**This post was originally published in 2011. With so much interest in Dutch gardening, and with Noel’s incredible perspective and insights, I thought it was a perfect time of year to re-publish.
A trip to Holland earlier a week or two ago. Years ago, a terrifying fifteen years ago in fact, I had an interesting week up to the north, around Groningen, visiting gardens, nurseries and landscapes, with Rob Leopold, now since sadly passed onto the Elysian meadows. He was a generous host, but exhausting, as he talked his home-spun philosophy from the moment he woke up to the moment he went to bed, except when he wasn’t talking plants. The northern part of The Netherlands is in a way the most attractive part, relatively empty, and very agricultural, but in a less obsessively tidy way than along the densely populated, and if not built-on, intensively farmed eastern coast. A lot of folk who want space and can’t afford much of it on that coastal strip have come up here, so this is very much where to find good gardens and nurseries.
My companions for this trip were Zoe Weston, a graduate of the Garden Design course at the University of Falmouth in Cornwall, and Dani Coray, who I’ve known about a year, now doing a Masters in Art and Landscape at the same institution, and who had just won the RHS Young Garden Designer of the Year award at the Tatton Park Flower Show. So, aren’t I good at spotting talent! She’s good at navigating too, as I discovered when we decided to plunge headlong into the suburbs of Antwerp rather than spend hours in a traffic jam.
De Kleine Plantage is a nursery very near the north coast, with amazingly crisp horn beam hedges and a series of garden rooms holding amazingly well-labelled plants – all stock beds for the nursery, but planted up as a decorative garden. Color-themed assemblages of pots line the entrance to the nursery and around the house and the very impressive range of plants in the nursery are arranged by color too. I realize that I had forgotten how cheap plants are in Dutch nurseries – it all helps that they are nearly all in sensible 9cms pots, not the 1 and 2 litre pots that so many British nurseries have gone over to.
The Jacobs nursery in the far east of the country has a particularly fine collection of plants around a charming old cottage and a big central pool, and a well-stocked nursery, lots of unusual plants.
Coen Jansen has long had a reputation as one of THE sources of exciting new plants, he’s a lively character with a nursery where it was very difficult for the three of us to avoid completly filling up the car with plants. Coen has been making selections from Baptisia, Sanguisorba, Phlox and others. We didn’t get to Hans Kramer at Hessenhof but he is also apparently also very good.
This makes me wonder – are the Dutch going to take over as the main sources of perennial innovation in Europe? There was a time, about 20 years ago when the reputation of Dutch nurseries was of getting other people’s good plants (UK and German), mass propagating them, muddling the names and selling them back to us at rock-bottom prices. There was even the accusation that Vine Weevil came from Holland. Of course there is nothing like the squeals of an inefficient industry (in this case the British nursery industry) being faced by one with superior working methods (the Dutch), just as US and UK manufacturing gets replaced by Chinese and Korean. Wise up, the world moves on. Now it looks like there is a whole new sector of innovation in Holland, with dedicated plants men as well as efficient mass-producers. The Brits had better sharpen their act up otherwise we’ll end up with the nursery equivalent of a rust belt.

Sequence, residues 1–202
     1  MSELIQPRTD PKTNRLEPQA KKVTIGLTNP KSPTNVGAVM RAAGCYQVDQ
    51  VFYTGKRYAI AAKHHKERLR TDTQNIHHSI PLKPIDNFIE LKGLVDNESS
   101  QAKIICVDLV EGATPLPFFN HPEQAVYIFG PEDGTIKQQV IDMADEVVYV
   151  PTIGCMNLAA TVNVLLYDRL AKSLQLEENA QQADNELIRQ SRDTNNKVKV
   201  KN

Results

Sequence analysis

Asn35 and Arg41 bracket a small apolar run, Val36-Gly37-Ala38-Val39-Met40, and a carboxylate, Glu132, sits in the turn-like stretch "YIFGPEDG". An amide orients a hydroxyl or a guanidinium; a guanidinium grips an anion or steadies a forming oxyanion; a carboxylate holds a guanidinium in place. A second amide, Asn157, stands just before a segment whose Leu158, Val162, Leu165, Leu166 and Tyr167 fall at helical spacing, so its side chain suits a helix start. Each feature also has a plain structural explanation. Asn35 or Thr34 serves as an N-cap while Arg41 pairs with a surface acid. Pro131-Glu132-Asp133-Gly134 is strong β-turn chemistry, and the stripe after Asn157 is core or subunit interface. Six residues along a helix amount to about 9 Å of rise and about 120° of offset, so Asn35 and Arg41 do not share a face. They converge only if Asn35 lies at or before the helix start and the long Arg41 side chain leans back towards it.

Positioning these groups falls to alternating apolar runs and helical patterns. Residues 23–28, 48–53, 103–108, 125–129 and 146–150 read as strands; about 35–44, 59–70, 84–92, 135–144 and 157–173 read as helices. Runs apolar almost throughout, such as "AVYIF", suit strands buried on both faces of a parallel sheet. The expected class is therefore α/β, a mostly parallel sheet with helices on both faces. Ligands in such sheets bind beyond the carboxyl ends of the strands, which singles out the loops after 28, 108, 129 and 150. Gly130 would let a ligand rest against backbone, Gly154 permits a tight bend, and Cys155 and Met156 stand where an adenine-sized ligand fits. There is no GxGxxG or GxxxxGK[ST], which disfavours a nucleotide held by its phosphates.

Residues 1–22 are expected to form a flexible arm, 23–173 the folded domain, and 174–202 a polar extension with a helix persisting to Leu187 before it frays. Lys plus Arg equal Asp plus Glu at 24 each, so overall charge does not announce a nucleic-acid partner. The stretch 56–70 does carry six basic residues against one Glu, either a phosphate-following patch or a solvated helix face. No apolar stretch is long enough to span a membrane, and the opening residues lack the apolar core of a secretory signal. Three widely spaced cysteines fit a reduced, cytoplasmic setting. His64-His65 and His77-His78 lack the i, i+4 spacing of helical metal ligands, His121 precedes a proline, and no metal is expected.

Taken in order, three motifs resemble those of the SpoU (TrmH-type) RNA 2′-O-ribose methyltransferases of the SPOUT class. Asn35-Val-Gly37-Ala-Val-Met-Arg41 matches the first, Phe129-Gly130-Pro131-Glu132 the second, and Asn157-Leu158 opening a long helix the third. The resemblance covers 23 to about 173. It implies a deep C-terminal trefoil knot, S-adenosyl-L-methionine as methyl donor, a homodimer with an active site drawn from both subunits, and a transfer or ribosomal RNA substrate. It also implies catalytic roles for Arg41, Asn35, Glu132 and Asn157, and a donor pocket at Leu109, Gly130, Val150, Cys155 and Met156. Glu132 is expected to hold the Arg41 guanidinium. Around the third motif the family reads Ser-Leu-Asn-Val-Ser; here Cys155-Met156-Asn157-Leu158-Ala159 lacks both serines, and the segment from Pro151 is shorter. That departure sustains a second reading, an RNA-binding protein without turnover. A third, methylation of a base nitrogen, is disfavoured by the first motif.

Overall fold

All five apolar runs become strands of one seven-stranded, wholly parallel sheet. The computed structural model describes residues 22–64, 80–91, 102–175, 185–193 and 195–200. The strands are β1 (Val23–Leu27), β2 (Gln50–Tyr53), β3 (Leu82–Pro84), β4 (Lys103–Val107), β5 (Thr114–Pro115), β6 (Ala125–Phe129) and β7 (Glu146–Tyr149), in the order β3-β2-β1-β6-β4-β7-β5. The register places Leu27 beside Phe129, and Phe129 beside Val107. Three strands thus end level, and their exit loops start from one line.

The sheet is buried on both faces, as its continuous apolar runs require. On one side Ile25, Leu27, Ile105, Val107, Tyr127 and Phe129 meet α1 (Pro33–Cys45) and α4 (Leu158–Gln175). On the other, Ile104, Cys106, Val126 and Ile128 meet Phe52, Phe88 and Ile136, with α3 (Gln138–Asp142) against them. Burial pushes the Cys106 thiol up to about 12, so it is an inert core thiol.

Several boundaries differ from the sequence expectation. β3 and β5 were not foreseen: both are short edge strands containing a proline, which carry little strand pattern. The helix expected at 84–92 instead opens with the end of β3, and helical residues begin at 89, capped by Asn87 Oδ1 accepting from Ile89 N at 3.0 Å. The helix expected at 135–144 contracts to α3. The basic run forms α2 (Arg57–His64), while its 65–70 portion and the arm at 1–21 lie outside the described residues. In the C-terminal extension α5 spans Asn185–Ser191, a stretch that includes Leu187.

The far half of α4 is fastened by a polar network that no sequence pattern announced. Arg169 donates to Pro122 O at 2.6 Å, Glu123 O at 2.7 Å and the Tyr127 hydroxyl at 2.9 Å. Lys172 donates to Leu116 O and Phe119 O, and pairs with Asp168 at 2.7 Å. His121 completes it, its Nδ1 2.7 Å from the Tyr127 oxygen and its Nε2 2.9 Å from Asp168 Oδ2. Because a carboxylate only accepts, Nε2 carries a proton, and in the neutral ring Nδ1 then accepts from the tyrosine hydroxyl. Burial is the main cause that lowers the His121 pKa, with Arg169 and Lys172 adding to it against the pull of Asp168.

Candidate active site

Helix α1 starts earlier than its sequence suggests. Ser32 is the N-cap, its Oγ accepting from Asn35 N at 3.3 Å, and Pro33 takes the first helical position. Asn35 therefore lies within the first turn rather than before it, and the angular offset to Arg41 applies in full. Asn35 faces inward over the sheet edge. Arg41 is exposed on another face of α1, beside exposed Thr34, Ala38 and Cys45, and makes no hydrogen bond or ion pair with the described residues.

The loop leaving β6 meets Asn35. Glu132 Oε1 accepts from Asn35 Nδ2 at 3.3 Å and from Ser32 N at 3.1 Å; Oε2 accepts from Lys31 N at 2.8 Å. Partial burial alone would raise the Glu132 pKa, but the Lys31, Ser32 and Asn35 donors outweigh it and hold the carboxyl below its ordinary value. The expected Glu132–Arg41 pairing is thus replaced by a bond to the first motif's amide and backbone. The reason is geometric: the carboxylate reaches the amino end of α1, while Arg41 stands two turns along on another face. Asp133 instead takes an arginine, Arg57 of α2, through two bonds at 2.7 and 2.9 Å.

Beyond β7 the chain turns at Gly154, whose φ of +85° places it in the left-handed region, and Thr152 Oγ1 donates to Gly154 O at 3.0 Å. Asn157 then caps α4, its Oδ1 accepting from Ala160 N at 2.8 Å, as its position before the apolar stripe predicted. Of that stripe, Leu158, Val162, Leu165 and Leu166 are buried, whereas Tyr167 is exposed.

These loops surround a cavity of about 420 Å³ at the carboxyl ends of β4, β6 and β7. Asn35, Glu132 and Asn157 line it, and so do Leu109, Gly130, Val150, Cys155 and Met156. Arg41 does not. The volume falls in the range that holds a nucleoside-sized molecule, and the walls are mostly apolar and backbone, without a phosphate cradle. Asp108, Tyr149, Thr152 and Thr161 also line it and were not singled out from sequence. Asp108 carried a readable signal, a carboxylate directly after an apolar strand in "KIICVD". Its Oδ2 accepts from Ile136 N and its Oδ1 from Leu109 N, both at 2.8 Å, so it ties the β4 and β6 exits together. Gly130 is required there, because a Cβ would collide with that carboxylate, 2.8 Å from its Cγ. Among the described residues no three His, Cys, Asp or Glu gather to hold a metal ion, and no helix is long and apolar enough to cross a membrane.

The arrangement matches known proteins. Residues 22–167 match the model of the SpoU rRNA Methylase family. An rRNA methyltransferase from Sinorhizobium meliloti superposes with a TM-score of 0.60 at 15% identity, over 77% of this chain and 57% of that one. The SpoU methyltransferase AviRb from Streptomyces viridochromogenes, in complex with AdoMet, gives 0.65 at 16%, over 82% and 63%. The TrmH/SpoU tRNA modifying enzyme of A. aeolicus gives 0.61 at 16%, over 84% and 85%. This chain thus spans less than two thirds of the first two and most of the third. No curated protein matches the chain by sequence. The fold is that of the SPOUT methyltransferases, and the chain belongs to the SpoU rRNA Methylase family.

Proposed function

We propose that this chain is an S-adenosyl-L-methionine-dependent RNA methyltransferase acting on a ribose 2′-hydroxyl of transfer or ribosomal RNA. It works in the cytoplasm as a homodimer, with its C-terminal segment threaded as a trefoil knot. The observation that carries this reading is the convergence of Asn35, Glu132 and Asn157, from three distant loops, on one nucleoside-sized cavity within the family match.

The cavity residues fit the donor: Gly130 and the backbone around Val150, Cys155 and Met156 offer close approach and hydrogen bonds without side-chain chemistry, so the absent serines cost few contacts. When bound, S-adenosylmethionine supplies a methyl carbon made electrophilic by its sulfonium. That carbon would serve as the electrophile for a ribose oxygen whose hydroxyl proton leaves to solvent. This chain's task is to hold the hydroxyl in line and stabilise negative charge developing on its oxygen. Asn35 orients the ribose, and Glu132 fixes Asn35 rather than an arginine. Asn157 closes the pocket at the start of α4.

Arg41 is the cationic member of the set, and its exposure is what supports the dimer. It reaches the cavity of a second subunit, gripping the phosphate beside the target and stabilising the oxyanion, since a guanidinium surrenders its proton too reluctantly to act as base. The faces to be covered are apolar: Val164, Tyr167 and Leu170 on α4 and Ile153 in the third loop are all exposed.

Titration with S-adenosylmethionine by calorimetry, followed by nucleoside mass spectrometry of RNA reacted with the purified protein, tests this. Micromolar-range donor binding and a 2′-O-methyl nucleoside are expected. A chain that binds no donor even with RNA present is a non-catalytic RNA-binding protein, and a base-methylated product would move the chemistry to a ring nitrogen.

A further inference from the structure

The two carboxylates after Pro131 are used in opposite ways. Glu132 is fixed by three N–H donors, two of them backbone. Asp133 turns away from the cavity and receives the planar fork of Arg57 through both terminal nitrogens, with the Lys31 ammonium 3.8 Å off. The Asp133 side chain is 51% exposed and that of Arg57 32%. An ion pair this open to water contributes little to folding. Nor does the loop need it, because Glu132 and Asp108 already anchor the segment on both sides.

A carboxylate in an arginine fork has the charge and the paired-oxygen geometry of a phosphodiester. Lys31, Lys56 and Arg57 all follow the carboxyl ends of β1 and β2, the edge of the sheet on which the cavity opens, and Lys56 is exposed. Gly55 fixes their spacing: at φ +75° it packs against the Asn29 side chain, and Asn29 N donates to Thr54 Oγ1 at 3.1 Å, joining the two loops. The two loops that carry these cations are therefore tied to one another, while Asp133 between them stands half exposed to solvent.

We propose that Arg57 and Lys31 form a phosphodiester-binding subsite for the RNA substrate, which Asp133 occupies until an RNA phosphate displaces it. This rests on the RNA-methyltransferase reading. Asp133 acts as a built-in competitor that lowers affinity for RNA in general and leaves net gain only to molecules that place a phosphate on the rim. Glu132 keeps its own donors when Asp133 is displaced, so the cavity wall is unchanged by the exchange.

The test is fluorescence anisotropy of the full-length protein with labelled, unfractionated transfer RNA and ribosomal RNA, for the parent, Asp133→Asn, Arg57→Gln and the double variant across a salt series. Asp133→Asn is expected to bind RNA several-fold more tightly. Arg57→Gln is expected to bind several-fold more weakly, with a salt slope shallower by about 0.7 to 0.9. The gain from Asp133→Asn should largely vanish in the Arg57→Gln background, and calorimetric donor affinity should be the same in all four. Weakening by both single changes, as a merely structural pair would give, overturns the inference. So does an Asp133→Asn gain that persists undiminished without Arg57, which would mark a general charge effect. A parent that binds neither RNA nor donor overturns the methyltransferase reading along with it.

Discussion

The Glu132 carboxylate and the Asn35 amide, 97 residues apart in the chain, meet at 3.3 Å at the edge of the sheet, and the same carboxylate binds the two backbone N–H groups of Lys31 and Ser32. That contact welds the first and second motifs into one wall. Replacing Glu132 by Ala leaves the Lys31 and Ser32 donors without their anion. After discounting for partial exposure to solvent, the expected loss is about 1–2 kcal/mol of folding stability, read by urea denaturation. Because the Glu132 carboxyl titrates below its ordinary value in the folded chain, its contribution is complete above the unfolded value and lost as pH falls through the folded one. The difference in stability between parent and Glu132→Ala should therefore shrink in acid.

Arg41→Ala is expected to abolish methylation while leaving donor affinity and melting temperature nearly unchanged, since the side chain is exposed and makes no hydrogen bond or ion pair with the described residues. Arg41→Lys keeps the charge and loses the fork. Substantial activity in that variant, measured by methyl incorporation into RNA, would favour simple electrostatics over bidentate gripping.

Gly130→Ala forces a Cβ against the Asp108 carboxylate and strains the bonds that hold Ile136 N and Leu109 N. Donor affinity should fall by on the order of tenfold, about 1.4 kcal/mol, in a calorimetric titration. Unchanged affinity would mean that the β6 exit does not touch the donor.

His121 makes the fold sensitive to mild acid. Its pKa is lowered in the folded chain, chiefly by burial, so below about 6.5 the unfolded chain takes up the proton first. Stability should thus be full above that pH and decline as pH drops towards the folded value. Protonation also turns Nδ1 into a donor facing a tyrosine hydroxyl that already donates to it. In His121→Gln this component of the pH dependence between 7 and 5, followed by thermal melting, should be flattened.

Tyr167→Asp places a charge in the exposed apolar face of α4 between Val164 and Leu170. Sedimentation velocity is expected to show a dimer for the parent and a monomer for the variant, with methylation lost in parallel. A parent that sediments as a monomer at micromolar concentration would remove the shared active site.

Another area where Dutch efficiency, and co-operation too, where we might see a future impact is in the production of perennial mixes for modular randomized planting schemes – originally a German idea. Lianne Pot’s prairie garden which includes some of the very striking Michael King perennial mixes are an example (photo above). I was not in fact convinced that these would work long-term, however good they look – whereas the German work with mixed planting is incredibly rigorous and involves many years of trialing.
Meanwhile the old nursery area at the Oudolf garden (above photo) is turning into an interesting prairie-meadow hybrid, with a sown meadow wildflower mix between perennial clumps, so it’ll be interesting to keep an eye on that as it develops.
Finally, some rather bad news from Germany, the country where they usually get things right. Piet Oudolf designed a vast and very imaginative planting scheme for an old water treatment works turned public park – the Berne Park in Bottrop-Ebel in the Ruhr, as part of Essen’s European City of Culture events ( photos below). We went to see it. Disappointing. While from the distance, its strong plan is very evident, close-to, we were horrified by the weeds. Clearly the soil is full of weed seeds, and possibly roots too. I find it astonishing that a project should spend public money on a project where the ground is not properly prepared. When I did work with Bristol City Council contractors on public plantings, they knew the maintenance would be minimal, so they always made sure that the ground was completely weed-free, which at least means everything gets off to a good start and perennials can resist a lot of weed incursion if they don’t have to face it for a few years. Start off full of weeds, and the perennials will never properly establish without serious competition. GAFÖG – the public-private partnership responsible are going to look distinctly foolish in the years to come as the weeds continue to grow. The Germans don’t always get it right!
There’s more about the Dutch trip on my own blog – a visit to the garden of artist Ton ter Linden, as well a post about a remarkable archive of material i have been working on for the last few years – the Andrew Chatto Papers.